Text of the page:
Richard Murphy – Sunak’s talk of a £28bn cost of public sector pay rises is total CRAp

Debunking the usual government lie of “We can’t afford this”.

Interest rates were attached to Quantitative Easing, so that banks get interest on money created by the BoE, in which they have done nothing to earn. Now interest rates are rising, and those banks are going to benefit to the tune of £136 billion over the next five years, which is the cost of the NHS for a year

Cross-posted from Richard Murphy’s blog


Rishi Sunak has claimed that to pay a 10% pay rise to all public sector employees will cost each household in the UK £1,000. This is what I call CRAp – which stands for a ‘completely rubbish approximation’ to the truth. Let me explain…

There are so many things wrong with what Sunak has said that it is hard to know where to start, but first of all it ignores the fact that about 5 million people work for the public sector. This payment would not cost them £1,000 a year.

Then it assumes that all 28 million UK households make the same contribution in tax towards this cost, but that is also not true. Some households do not pay income tax, for example. And the amount of tax paid varies widely, thankfully, because the best off do pay more.

And Sunak assumes that this payment will come out of tax. It might not. It could be paid for with borrowing or money creation, which is commonly called quantitative easing. It looks like he does not even know how government spending is actually funded.

But worst of all, this claim assumes that if £28 billion in extra wages is paid out this money just disappears, never to be seen again, and this assumption is so stupid it is laughable – except very few politicians seem to understand this.

Let me explain. Let’s start with the fact that if £28 billion is paid out then this will top up existing pay. It will all be taxable and subject to national insurance. Assume tax is 20%, employee NI 12% and employer NI is 13.8% and the full NI cost is included in the £28bn.

If you work the maths through the tax paid on that £28bn will be about 40.2% of the total in that case, or £11.3bn. That comes straight back to the government in other words. So the actual cost is already down to £16.7bn. That’s a lot less than £1,000 per household.

And when that £16.7bn gets into people’s pockets they will spend it. This means more tax is paid. Not everything has VAT on it, but assuming this new money is the top part of people’s incomes and they’ve already covered the basic costs of living much of it will.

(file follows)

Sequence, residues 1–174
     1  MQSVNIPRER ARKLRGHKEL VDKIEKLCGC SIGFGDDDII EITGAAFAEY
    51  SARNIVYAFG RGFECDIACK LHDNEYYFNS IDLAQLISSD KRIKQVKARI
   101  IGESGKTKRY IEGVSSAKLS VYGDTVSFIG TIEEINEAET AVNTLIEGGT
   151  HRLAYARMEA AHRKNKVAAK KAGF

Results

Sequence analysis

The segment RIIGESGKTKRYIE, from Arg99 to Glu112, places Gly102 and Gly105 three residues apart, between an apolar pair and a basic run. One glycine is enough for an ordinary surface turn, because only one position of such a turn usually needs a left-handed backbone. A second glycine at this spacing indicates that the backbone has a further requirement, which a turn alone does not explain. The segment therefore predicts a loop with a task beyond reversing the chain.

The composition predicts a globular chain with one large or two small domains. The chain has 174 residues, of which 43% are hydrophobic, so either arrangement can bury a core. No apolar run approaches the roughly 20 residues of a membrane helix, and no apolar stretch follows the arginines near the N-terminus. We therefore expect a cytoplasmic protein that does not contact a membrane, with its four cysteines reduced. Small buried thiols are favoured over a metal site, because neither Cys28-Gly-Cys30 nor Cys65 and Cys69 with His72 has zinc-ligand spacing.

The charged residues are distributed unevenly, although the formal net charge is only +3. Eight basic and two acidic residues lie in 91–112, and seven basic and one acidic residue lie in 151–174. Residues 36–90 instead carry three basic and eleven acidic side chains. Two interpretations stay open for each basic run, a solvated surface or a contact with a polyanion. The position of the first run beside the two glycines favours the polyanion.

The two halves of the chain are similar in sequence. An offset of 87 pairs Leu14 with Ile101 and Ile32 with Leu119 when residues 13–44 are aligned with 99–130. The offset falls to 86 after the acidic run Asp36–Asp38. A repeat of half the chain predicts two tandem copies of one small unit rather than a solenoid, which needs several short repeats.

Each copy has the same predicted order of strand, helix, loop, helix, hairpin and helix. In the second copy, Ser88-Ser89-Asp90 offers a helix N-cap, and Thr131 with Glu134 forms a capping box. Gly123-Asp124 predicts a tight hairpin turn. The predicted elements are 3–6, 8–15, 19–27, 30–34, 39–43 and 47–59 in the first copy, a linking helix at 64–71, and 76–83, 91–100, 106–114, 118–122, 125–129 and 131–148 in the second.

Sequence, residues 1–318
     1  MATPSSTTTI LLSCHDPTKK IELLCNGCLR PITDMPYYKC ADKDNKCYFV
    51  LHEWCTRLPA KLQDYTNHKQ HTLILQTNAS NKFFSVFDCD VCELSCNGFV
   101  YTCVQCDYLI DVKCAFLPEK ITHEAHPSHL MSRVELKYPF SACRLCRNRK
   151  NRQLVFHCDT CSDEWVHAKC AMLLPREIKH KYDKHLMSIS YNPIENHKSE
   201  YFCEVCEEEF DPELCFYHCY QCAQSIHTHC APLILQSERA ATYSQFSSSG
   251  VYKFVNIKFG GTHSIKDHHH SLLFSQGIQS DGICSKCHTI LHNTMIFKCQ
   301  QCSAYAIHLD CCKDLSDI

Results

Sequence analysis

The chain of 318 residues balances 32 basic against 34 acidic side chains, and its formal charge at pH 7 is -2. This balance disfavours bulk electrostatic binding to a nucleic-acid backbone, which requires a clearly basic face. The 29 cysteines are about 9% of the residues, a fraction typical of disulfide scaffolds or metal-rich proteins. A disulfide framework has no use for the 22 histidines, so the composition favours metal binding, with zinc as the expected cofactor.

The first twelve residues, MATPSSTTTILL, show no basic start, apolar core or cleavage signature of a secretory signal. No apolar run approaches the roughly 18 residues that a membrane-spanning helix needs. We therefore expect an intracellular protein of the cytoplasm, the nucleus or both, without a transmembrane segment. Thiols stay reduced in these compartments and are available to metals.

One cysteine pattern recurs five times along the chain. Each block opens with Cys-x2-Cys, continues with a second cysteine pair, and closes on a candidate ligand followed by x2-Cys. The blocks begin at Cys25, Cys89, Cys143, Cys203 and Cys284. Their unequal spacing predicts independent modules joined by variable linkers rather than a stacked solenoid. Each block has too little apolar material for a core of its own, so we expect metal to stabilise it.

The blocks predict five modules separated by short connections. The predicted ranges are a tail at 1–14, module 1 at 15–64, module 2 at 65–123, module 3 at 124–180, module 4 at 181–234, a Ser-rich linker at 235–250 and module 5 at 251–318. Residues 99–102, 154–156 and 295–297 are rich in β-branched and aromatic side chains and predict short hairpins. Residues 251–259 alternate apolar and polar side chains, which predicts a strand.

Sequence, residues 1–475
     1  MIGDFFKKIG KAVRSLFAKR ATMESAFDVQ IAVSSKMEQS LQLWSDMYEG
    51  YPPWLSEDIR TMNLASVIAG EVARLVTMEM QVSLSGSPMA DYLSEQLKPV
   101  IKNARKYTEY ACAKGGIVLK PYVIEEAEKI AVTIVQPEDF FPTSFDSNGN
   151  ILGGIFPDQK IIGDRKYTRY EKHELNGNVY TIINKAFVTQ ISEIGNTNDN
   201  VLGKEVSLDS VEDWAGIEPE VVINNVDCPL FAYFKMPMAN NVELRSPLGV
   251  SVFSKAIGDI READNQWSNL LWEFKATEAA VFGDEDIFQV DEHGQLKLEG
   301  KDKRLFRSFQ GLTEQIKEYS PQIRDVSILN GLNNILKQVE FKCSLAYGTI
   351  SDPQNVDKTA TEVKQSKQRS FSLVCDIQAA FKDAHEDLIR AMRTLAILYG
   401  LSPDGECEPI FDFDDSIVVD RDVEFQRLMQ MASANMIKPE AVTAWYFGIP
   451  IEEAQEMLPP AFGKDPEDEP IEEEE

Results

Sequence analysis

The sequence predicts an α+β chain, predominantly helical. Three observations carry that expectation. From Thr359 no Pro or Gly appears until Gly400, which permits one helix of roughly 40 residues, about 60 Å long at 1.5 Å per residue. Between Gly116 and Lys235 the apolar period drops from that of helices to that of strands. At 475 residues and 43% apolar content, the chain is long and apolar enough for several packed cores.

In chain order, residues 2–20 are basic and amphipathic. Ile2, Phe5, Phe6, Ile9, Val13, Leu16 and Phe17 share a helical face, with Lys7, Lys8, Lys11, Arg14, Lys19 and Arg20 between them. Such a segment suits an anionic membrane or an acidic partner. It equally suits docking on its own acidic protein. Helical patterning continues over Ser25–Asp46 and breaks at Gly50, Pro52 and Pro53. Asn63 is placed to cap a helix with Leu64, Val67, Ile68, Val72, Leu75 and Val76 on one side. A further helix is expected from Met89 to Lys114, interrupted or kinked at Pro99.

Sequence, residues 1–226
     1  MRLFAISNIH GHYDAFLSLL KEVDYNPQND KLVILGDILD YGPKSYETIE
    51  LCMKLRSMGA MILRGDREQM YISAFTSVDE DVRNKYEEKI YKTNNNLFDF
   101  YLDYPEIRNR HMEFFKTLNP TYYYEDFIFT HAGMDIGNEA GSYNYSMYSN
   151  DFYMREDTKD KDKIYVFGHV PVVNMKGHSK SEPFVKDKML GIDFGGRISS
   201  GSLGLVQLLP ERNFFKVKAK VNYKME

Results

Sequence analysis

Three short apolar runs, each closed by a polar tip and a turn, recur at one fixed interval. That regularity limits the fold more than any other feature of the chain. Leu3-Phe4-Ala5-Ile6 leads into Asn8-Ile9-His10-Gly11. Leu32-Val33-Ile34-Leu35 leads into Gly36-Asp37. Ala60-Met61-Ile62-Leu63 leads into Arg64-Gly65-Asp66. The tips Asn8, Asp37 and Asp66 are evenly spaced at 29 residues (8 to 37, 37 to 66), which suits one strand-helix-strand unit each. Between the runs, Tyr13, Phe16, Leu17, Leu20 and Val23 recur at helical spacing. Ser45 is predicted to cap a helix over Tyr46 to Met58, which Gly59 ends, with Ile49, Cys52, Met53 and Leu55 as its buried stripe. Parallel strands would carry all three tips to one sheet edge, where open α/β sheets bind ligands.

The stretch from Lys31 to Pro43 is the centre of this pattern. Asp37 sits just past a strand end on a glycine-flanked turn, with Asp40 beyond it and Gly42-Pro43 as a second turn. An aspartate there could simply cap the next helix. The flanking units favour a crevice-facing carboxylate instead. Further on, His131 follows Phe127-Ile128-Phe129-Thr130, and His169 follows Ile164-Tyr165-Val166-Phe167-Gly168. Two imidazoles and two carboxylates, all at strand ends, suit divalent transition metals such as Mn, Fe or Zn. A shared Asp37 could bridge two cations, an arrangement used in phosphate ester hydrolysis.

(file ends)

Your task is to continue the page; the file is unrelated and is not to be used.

So, let’s assume there’s an average of 15% VAT on what is bought with this money. Do the maths and that’s another £2.2bn or so of tax paid. That means the cost is down to £13.5bn now: half has already come back.

Then those who get paid this money also pay tax on it. Some will be income tax, and some corporation tax. Some more will be national insurance. We don’t know the mix. Let’s be generous and say it’s 30%. That’s another £4bn of tax paid. Cost now, £9.5bn.

But those who get this money will also pay tax on it. And so will the person who gets it after that. In fact, everyone will pay tax on it until some person who is wealthy enough to save gets it and puts it in a deposit account and stops the money rolling.

How long down the line will that be? We can’t know for sure. But that does not alter the fact that the real cost of a public sector pay rise is vastly less than what politicians clam because they ignore the tax paid on the additional pay, and when the net pay is spent.

In theory it is possible that the whole cost of a pay rise could eventually be recovered in tax. But, I stress we cannot be sure of that unless we take another factor into account. And that is the gain to productivity from making pay rises.

If you believed politicians (and private sector bosses) all pay rises are given to greedy employees who just pocket the money and do nothing for it. That’s not true, especially in public services right now. Pay people more and they will stay in the NHS, teaching, and much more.

More than that though, those already employed in the service can concentrate on the job rather than having to worry about how to pay the bills at home. And maybe some of the vacancies will be filled – which could massively improve the effectiveness of the service.

In other words, paying people enough so that they can afford to do the jobs that need to be done makes sense because those jobs are done well, and right now there is so little goodwill left in the public services that is not necessarily the case.

The whole £28bn cost campaign is in fact part of that undermining of public services that destroys goodwill. Saying that we can’t afford to pay for what people are doing at work is not just an attack on those left in economic distress as a result, it undermines public services.

Do the opposite, and have a government (and Opposition) that says it values what people do and wants to pay them fairly for it then three things happen. Public sector employees are happier. Fewer leave. Productivity rises. We get better value for money as a result.

None of this should be rocket science to anyone who knows a) about economics b) about running organisations c) knows what it is like to be an employee d) has empathy, and yet it seems ministers are wholly unaware of these essential things.

My point is a simple one. Not only is the claim that £28bn of extra pubic sector pay will cost each household £1,000 straightforwardly grossly incorrect, because the cost is much smaller, it is also possible that the gain is bigger.

Why then can’t politicians talk economic, management and straightforward human sense about these issues in that case? I really wish I knew. But I can offer a suggestion. Maybe they don’t know what they’re talking about. That’s why they talk CRAp.

Richard Murphy


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